Dallas Stars Prospect Series: The curious case of Matěj Blümel

Nov 13, 2022; Philadelphia, Pennsylvania, USA; Dallas Stars right wing Matej Blumel (22) against the Philadelphia Flyers at Wells Fargo Center. Mandatory Credit: Eric Hartline-USA TODAY Sports
Nov 13, 2022; Philadelphia, Pennsylvania, USA; Dallas Stars right wing Matej Blumel (22) against the Philadelphia Flyers at Wells Fargo Center. Mandatory Credit: Eric Hartline-USA TODAY Sports /

The Dallas Stars have many quality forwards. Many executives will say that this is a ‘good problem to have’ to assure the team can compete regardless of any injuries throughout the season and into the playoffs. Matěj Blümel is a good forward to have in case as a backup in case someone gets injured.

Due to the ages and contract durations of the team’s older guard, most notably referring to Joe Pavelski being on a one-year deal and Jamie Benn having only two years left in his deal, the Stars and its fans can both agree that this is their current ‘cup window’.

This is the prime chance to bring the Stanley Cup to Dallas while the roster is full of veteran stability and contains an appropriate serving of youthful spirit from the likes of Jason Robertson, Wyatt Johnston, and more.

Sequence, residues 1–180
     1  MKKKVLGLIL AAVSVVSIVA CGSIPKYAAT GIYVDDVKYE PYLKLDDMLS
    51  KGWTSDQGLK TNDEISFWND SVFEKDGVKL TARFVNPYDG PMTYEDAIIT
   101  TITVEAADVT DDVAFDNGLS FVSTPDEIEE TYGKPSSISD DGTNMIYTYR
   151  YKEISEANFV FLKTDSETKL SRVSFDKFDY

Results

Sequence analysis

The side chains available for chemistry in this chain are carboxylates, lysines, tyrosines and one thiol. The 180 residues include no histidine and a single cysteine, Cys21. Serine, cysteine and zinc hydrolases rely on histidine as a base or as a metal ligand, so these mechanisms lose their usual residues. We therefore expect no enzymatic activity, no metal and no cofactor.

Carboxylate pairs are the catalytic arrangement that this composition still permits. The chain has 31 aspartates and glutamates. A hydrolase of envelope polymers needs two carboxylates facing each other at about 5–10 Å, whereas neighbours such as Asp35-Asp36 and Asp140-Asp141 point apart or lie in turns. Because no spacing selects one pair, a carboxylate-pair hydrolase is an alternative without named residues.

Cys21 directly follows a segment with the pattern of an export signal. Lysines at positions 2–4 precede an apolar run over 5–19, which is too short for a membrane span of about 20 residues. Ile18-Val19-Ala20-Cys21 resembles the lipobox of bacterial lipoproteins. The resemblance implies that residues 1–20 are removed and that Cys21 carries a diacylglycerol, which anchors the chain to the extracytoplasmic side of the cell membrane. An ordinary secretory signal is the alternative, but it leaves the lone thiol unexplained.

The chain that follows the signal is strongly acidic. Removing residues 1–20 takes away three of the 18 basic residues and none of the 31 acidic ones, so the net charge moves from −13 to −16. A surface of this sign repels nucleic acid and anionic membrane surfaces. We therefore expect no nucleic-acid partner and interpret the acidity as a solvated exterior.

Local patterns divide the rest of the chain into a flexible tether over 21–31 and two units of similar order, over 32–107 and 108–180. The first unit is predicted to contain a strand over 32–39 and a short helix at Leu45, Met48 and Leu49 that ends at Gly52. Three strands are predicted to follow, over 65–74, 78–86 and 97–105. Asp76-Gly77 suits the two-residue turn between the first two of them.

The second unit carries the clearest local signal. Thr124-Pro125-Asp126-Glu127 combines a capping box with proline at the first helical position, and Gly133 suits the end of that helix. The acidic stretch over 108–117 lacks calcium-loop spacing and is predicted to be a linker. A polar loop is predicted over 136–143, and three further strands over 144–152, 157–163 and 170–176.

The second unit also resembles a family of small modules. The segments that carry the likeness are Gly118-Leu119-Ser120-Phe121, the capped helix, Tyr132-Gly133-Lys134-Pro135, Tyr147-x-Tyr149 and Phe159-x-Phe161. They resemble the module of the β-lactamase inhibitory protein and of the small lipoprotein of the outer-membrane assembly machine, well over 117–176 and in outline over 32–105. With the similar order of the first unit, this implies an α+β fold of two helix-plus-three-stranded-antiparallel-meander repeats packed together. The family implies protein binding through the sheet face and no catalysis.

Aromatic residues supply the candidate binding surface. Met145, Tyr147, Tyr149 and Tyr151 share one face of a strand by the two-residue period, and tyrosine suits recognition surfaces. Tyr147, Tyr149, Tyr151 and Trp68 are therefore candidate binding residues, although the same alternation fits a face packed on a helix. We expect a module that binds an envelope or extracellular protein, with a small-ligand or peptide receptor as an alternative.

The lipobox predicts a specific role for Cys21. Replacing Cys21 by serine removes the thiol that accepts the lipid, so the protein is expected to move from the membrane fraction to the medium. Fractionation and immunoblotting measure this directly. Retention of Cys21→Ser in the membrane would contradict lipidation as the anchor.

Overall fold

As such a situation was assessed, the Stars management took significant action this summer to stack the lineup and put the best possible roster forward while adhering to the salary cap and Collective Bargaining Agreement (CBA). Here is a recap of the notable forward acquisitions from this summer:

This is what a projected lineup could look like with these players:





Extras: Craig Smith, Fredrik Karlstrom, Logan Stankoven, Mavrik Bourque

See, even the likes of Logan Stankoven, one of the best hockey players not currently playing in the NHL, might not play for Dallas next season. When your lineup pushes players like Tyler Seguin down to the third line and forces coach Pete DeBoer to choose between Ty Dellandrea, Sam Steel, Craig Smith, Stankoven, and Mavrik Bourque for the last roster spots, the lineup could not be deeper.

This makes next season exciting for players, staff, and fans who will all be rooting for a deep playoff run that lasts 16 wins. However, there are some athletes who may not be able to enjoy such an adventure throughout the 2023-2024 regular season because of the logjam at forward.

Who does this matter to? Well, I feel for the prospects who are striving for NHL playing time who have just lost a year of that opportunity. This is not a selfish feeling to feel conflicted by how great the Dallas Stars NHL roster is becoming since it practically cements certain players in the American Hockey League (AHL) for 2023-2024 with less motivation regarding an NHL opportunity than last season.